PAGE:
美国民主党议员 B Sanders 夸中国让几亿人脫贫。但是贫富悬殊太吓人了。
Sanders Praises Communist Capitalism.
Yes, China lifted millions out of poverty—by moving away from
By By Joshua Muravchik, Sept. 10, 2019.
Sen. Bernie Sanders’s praise for the government of China should
raise eyebrows, and not only for the obvious reasons. His
assessment of the Chinese economy knocks the pins out from under
his political and economic philosophy.
In an interview last month with the Hill, Mr. Sanders conceded that
China “is moving unfortunately in a more authoritarian way in a
number of directions.” He then asserted that “what we have to say
about China, in fairness to China and its leadership, is . . . they
have made more progress in addressing extreme poverty than any
country in the history of civilizati
Unlike most of Mr. Sanders’s past words of praise for communist
regimes—for Cuba’s health-care and education systems, the Soviet
Union’s “youth programs” and “cultural programs,” and Nicaragua’s
empowerment of “the poor people”—Mr. Sanders’s comment about China
has a basis in fact. According to the World Bank, 88% of Chinese
lived on less than $1.90 a day in 1981. Today less than 1% do.
(These figures are in 2011 dollars, adjusted for purchasing power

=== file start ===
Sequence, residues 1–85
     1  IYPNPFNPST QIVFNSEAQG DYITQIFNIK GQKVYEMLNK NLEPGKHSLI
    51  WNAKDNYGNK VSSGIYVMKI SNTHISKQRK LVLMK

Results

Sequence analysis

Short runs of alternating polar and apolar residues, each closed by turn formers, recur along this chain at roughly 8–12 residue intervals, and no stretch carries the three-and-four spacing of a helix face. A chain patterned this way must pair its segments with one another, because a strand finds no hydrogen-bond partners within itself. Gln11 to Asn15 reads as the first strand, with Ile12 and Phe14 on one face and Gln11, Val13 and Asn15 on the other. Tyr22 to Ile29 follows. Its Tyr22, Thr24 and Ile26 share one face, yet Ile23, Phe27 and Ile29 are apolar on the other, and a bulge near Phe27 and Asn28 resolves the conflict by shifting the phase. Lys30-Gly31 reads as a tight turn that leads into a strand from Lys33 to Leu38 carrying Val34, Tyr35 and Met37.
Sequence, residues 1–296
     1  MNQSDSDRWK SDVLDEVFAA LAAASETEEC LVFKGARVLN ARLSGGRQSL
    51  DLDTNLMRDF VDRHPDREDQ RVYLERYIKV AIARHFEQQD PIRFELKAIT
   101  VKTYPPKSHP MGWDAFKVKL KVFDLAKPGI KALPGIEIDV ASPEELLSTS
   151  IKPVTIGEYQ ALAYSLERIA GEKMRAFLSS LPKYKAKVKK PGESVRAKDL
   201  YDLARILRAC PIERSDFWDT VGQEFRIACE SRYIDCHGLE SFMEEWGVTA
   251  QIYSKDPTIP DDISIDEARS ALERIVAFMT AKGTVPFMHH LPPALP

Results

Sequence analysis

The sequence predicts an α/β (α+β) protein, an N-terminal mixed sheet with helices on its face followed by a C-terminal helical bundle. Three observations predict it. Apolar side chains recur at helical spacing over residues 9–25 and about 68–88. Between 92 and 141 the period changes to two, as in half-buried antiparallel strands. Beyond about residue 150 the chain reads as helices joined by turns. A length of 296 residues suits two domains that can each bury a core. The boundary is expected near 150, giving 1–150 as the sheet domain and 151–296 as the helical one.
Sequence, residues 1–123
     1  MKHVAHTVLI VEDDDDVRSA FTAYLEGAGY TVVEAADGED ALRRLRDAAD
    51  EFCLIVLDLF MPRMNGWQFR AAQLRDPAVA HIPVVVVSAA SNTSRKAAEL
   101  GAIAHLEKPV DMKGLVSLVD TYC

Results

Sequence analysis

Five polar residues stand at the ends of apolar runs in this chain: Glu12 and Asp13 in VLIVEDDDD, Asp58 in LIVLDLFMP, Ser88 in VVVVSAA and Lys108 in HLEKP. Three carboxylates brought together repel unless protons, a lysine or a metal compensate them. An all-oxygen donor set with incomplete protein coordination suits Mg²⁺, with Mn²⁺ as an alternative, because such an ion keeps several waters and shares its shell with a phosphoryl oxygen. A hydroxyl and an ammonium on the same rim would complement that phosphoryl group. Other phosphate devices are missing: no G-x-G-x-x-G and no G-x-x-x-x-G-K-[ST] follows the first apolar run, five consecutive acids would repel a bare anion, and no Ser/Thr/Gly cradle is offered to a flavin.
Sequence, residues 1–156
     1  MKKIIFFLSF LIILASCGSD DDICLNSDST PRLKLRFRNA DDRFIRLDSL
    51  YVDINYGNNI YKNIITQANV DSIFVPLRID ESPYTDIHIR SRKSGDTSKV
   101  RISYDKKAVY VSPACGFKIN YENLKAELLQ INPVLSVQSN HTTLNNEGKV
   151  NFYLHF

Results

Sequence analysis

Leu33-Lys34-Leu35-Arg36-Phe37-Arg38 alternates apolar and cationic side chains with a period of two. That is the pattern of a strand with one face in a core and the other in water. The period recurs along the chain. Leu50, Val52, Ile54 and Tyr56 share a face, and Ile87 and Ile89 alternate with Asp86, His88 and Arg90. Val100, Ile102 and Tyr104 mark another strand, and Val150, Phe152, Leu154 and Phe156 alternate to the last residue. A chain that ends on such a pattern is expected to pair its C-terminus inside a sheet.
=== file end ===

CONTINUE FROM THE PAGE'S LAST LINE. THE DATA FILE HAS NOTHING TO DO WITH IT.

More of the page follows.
Yet that success didn’t come from socialism. It’s a product of
China’s move away from socialism. And it came at the cost—at least
by Mr. Sanders’s usual lights—of heightened inequality. A 2018
International Monetary Fund working paper reports that “China has
moved from being a moderately unequal country in 1990 to being one
of the most unequal countries.” The IMF dates that trend to 1980,
shortly after Beijing began its capitalist experiment.
At home, Mr. Sanders urges a “political revolution” and a
“wholesale transformation of our society” from capitalism to
socialism—the reverse of what China did 40 years ago. He burns with
hostility for capitalists. We must “no longer tolerate the greed of
Wall Street, corporate America and the billionaire class,” he
Yet Mr. Sanders’s accurate observation about China’s record in
ending poverty ought to give him pause. Mao Zedong’s China was the
apotheosis of class warfare and of formal equality. Millions were
slaughtered as “class enemies,” and, everyone wore drab tunics and
shared poverty (except Mao himself, who lived like royalty with a
few of his cohorts). With Mao gone, Deng Xiaoping called an end to
the class war.
“To get rich is glorious” became the watchword. According to
Forbes, China has more billionaires (in U.S. dollar terms) than any
other country except the U.S., and is minting new ones far faster.
At the beginning of this century, Forbes found only one in China.
Today it counts more than 300.
No doubt Mr. Sanders would decry that, but is it too high a price
to pay for a process that lifted hundreds of millions out of
poverty? This question points to the core difference between
socialism, which focuses on how to distribute wealth, and
capitalism, which is concerned primarily with how to produce it.
China’s experience teaches anew that the latter is more important
than the former, for the poor as well as the rich. Mr. Sanders
admires China for bringing its population the material benefits of
capitalism. Why would he want to saddle his own countrymen with
Mr. Muravchik is author of “Heaven on Earth: The Rise, Fall, and
Afterlife of Socialism.”